ASTANA – Assisting the countries in Central Asia to promote efficient water and energy management is one of the key missions of the new Team Europe Initiative on Water, Energy and Climate Change for Central Asia presented by the European Union in 2021. Johannes Baur, Head of Сooperation at the EU Delegation to Kazakhstan, spoke to The Astana Times about the challenges facing Central Asia and the program’s role in addressing them.
Central Asia, a region with inextricably linked water and energy systems, is known for its vast natural resources, including rivers, lakes, and mountains. However, these resources are not always used in a sustainable way. Multiple transboundary rivers and a complex system of energy interdependence inherited from the Soviet Union make managing these resources challenging.
One of the programs is the Central Asia Water and Energy Program (CAWEP), launched in 2009 by the World Bank, the European Union, Switzerland, and the United Kingdom. CAWEP is managed by the World Bank and seeks to promote regional energy and water security cooperation by strengthening institutional capacities and to facilitate dialogue among Central Asian governments to ensure an enabling environment for achieving national and regional energy and water security.
The program’s relevance is growing due to the increasingly evident impact of climate change, which is forecasted to have significant consequences for Central Asia. Launched in 2009, the program entails three phases. Phase 1 ran until June 2013, phase 2 – until December 2017, and phase 3 was recently extended until November 2023.
The total budget for the program since 2009 has reached 21.9 million euros ($23.9 million), with an EU contribution of eight million euros ($8.7 million) for phases 2 and 3.
The program has focused on achieving results in several areas – data and diagnostic analysis, institutions, capacity and dialogue, and investment support.
“In fact, the EU has supported a number of different programs in the energy and water sectors in Central Asia,” said Baur.
“We have different sectoral activities. Regarding water, we are helping some countries to increase the use of hydropower. We are also looking at bigger power plants, for example, in Tajikistan. We are trying to help the local population to have better access to water and to have better use of water. We are doing this through technical assistance – advising municipalities and governments, and increasingly through investments by European banks, including the European Bank for Reconstruction and Development, which is already very active. We also hope that the European Investment Bank, which is the biggest European bank, will become more active in Central Asia and could also finance such projects,” said the diplomat.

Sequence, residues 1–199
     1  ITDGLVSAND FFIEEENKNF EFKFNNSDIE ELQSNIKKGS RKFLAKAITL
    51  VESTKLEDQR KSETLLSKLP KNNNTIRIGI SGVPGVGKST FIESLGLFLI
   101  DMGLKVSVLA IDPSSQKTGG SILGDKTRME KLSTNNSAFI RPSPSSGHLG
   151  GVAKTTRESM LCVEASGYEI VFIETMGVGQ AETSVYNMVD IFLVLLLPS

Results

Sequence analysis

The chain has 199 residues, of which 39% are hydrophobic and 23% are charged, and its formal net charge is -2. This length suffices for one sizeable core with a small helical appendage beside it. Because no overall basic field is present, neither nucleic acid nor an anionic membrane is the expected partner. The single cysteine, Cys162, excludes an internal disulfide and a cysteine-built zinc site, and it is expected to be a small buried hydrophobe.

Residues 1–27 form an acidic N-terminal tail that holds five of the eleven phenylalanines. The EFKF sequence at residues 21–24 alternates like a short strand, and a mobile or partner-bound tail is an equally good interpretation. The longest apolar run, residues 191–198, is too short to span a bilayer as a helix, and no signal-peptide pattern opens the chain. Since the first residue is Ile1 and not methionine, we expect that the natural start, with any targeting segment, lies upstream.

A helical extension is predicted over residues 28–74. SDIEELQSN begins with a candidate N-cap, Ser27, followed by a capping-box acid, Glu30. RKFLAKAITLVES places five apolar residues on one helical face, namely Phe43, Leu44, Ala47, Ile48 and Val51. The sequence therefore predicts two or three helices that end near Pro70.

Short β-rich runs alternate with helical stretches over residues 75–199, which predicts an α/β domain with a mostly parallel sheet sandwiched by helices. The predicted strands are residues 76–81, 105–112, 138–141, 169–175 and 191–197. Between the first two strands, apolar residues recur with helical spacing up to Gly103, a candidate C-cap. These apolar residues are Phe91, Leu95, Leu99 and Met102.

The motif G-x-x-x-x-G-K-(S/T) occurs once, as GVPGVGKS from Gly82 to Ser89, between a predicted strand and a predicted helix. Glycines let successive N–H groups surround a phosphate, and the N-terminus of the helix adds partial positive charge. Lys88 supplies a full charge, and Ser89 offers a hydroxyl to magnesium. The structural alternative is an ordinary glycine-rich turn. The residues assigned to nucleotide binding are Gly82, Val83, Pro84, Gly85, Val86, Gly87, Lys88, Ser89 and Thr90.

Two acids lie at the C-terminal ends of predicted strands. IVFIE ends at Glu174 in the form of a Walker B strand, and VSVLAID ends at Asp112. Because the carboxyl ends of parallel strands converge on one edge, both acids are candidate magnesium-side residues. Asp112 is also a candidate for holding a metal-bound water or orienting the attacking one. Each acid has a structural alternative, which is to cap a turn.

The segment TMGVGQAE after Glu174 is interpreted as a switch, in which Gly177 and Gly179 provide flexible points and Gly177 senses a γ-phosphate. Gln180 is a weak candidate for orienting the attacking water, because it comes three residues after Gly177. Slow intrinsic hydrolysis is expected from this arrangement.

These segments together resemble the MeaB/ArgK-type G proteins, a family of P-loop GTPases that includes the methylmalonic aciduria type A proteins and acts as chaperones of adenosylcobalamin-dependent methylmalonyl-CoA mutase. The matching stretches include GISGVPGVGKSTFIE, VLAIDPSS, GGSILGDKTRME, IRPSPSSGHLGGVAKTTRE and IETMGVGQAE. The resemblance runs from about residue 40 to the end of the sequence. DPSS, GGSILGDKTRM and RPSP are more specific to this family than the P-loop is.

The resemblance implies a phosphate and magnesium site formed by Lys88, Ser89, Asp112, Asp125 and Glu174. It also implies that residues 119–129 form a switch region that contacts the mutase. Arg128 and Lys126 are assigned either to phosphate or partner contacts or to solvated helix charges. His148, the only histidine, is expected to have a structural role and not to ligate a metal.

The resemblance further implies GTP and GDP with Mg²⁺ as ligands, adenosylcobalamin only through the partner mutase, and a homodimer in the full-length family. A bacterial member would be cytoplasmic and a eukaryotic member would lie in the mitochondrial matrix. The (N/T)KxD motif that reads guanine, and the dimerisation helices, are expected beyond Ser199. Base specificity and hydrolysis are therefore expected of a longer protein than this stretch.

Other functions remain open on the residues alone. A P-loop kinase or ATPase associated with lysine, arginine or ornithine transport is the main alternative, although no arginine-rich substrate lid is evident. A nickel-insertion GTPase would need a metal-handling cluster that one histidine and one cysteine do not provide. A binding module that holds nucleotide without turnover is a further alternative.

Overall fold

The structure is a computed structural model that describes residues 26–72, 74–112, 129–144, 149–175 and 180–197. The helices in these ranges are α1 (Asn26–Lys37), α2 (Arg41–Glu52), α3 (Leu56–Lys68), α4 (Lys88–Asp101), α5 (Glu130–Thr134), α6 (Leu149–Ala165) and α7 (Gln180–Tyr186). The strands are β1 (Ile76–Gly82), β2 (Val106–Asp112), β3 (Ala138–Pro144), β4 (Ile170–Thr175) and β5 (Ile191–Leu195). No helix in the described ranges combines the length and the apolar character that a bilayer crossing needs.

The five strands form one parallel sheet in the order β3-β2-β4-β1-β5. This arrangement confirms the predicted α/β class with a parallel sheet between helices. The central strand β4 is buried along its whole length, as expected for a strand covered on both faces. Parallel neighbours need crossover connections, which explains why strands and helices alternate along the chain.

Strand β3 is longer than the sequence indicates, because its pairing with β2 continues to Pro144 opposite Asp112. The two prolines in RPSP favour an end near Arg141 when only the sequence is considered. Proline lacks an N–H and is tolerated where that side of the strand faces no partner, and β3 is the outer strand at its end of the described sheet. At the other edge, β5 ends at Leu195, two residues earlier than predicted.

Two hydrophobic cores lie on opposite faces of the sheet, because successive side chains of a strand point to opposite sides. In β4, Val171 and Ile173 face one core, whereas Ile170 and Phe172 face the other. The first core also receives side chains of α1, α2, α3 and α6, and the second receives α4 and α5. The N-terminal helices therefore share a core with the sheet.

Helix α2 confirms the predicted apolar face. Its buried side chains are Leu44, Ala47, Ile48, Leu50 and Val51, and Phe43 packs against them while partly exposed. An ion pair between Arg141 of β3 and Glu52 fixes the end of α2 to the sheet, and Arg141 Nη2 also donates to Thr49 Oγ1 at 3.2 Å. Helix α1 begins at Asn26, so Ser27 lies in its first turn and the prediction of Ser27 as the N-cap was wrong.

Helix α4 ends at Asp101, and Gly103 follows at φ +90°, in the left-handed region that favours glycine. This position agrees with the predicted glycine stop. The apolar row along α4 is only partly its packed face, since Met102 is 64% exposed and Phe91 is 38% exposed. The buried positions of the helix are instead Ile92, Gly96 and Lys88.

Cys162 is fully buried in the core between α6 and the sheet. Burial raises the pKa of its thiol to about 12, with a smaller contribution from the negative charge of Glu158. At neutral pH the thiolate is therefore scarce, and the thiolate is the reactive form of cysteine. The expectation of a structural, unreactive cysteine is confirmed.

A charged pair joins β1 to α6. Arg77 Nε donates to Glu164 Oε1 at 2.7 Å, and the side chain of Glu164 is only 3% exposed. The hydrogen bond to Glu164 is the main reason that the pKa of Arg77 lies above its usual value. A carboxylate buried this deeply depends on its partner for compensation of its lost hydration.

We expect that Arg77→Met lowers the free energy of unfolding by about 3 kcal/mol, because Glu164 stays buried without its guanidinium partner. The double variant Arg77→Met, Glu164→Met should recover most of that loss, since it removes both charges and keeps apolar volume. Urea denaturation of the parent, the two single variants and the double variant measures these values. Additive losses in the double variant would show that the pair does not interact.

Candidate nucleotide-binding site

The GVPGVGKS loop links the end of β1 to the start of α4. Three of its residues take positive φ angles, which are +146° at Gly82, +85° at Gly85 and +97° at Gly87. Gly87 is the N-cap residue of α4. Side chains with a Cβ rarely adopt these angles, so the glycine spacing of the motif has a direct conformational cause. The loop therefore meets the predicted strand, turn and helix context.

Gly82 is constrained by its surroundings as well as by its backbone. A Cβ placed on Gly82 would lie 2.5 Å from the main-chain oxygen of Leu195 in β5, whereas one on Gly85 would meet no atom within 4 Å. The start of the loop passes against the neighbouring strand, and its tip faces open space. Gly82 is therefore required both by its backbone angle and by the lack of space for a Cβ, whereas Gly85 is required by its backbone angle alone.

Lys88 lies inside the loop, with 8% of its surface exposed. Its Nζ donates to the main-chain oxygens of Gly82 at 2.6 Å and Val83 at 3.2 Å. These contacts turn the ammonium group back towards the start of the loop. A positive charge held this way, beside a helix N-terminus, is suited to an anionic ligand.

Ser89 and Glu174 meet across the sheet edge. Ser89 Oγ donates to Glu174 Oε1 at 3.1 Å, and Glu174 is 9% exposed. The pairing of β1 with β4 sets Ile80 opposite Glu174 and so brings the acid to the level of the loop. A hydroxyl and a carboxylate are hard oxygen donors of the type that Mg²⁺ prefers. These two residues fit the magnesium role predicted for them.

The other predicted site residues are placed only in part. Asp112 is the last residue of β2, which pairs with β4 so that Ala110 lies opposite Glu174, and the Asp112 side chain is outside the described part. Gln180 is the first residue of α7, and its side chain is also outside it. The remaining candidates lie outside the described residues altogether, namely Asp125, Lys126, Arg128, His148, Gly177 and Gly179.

Promoting renewable energy in the region is also part of the Team Europe initiative. Central Asia has a significant potential for developing renewable energy due to its abundant solar, wind, and hydro resources. It faces critical challenges, including a need for more investment, infrastructure, expertise, and regulatory barriers.
“We are also looking at promoting renewable energy, not only by constructing or supporting the construction of renewable energy, solar plants, and wind plants but also by preparing the conditions for renewables in the grid, because this also requires a complete change in the management of the grid. This can be supported through technical assistance,” he said.
Challenges facing the region
According to Johannes Baur, all countries in the region are very different and at varied “starting points.”
“Kazakhstan, for example, is significantly developed in many aspects. It has an ambitious strategy to achieve carbon neutrality. But, of course, it also has a specific challenge to move away from traditional fossil fuels, particularly coal, which will be a huge task. In Europe, we have a lot of experience moving away from coal, including toward renewables. The biggest challenge is probably to raise awareness not just among the population, but also among the decision makers,” he said, noting that Uzbekistan also relies on fossil fuels, although it is less dependent on coal and more on gas.
Kyrgyzstan and Tajikistan, in turn, have extensive hydro resources. Over 90 percent of their electricity is generated from hydropower.